by John Urban
Way back when, before the advent of super computers and data analytics, a three day weather forecast was pretty much guesswork. Thanks to the vast technology introduced by the Information Age, that’s no longer the case – now it’s all guess work. And you don’t need to grasp standard deviations or probability formulas to come to this conclusion. We’ve been living with inaccurate forecasts day in and day out.
Exactly what is going on here? Everything has gotten better, smarter, faster…except for meteorology? Has there been some kind of brain-drain over there at the National Weather Service, the NSA now grabbing all the good data wizards? Or maybe Discovery TV hired them all away to become reality TV storm chasers? Or is it that the entire NWS staff is now down at the beach standing in the surf with a Weather Channel mic in their hands?
Fortunately, the consequences of this predicament haven’t been dire in these parts. So far, the summer weather in Southern New England has been fabulous. We’ve dodged hurricanes and tornadoes and for that we are grateful. But as nice as it’s been, the forecasts have been miserably inaccurate and even worse when it comes to the coastal marine conditions.
If you listen to meteorologists and climatologists, they’ll tell you that the reason for this is that the weather has become unpredictable. Well, that’s convenient, isn’t it.
Yet, I have, in fact, seen some recent changes in weather patterns. For example, a summer time east wind along the shores of Buzzards Bay and Rhode Island Sound have almost always been a sign of bad weather. But not in recent years. Today, it’s not uncommon to enjoy a nice sunny easterly. And in years past, I’d have to wait until mid-August for a series of flat water days that gave me comfortable rides to Newport in our little Whaler. This year, they’ve come early. Add these local observations up with changes in other regions and maybe you end up with macro climate shifts are making weather forecasting more difficult.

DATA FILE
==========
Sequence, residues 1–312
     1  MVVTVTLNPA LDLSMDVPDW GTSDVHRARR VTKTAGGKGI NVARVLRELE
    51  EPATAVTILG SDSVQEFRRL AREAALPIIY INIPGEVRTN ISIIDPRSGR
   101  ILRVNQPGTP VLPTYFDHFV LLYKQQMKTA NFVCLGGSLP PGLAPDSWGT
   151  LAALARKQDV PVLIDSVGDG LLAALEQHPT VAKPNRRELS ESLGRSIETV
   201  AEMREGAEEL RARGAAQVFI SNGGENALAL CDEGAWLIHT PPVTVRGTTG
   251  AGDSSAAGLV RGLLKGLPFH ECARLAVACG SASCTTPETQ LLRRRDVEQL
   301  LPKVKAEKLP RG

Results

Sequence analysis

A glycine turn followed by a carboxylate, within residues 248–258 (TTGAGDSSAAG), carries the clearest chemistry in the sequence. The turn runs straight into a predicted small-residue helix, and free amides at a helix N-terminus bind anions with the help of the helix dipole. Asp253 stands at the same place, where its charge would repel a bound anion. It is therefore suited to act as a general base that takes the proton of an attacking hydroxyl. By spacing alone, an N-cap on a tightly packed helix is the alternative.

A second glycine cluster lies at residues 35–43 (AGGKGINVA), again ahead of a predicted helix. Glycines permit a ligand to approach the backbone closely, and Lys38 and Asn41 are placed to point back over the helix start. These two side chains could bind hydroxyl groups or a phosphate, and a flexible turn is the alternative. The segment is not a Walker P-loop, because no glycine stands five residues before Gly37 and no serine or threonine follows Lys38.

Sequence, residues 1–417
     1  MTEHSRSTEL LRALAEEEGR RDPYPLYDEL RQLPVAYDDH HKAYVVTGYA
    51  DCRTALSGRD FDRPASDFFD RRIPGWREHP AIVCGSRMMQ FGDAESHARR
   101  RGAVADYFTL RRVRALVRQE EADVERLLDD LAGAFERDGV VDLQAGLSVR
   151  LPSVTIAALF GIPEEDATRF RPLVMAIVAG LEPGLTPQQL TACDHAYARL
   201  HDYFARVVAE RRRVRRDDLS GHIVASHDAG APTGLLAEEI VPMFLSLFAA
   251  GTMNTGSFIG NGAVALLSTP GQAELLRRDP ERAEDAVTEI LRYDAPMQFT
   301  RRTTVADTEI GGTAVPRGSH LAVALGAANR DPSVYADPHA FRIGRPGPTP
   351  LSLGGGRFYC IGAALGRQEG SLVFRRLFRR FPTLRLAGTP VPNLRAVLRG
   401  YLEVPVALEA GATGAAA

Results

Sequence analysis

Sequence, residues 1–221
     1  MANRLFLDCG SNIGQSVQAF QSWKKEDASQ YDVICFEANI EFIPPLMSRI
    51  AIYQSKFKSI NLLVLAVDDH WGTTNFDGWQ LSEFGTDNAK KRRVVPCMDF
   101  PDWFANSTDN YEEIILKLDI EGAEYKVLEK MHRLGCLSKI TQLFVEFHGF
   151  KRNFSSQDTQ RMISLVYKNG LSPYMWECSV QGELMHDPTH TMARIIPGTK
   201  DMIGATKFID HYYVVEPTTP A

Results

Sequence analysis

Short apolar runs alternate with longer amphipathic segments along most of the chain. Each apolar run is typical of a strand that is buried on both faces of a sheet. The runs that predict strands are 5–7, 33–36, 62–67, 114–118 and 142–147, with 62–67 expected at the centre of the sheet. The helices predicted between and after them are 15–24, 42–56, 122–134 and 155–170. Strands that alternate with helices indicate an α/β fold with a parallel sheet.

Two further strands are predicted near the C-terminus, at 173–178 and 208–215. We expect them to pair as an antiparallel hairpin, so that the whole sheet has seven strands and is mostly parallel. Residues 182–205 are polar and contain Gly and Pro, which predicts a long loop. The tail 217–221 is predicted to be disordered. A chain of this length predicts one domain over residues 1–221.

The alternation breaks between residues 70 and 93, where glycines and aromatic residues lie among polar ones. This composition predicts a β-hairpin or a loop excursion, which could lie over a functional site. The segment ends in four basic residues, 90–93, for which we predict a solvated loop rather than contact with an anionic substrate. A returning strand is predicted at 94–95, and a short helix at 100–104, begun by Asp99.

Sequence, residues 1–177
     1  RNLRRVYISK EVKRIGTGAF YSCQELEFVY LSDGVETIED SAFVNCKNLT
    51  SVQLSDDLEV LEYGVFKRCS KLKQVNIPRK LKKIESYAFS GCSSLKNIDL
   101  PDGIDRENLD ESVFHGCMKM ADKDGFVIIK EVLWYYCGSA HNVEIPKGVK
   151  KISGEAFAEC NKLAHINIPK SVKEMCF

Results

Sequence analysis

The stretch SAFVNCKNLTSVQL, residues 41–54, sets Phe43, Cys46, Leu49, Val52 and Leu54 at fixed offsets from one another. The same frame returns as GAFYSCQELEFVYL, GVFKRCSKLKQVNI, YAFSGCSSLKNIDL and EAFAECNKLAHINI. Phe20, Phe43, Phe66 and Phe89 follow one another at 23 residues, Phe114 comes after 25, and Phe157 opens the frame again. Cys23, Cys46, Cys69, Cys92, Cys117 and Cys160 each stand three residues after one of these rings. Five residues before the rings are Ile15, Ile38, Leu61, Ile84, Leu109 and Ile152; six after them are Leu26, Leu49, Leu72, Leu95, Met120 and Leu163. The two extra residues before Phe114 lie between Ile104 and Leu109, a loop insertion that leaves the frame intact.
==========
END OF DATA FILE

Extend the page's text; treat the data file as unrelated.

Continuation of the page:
If this is true, perhaps NOAA and the Weather Service should turn off the super computers, walk away from big data algorithms and head outside. We send weather airplanes out searching for hurricanes, why not put meteorologists into jeeps, open cockpit airplanes, and sailboats and scatter them across the country for real time reports? Better yet, we could all unplug from our weather apps, radio reports, and TV updates and adopt a Zen attitude toward the weather. We’ll leave sirens and warning systems on in case of emergencies, but otherwise take it as it comes.
Or maybe, we should give the super computer approach one last try, but this time we’ll put boaters in charge: “Okay, you entered Red Sky at Night, right? And what about Rainbow in the morning gives you fair warning? And what about the cicadas and the crickets?” That and a million other lines of salty proverbs might just get us the right answers.
In the meantime, I’m going to glance up at the sky, check out the wind, and go sailing.
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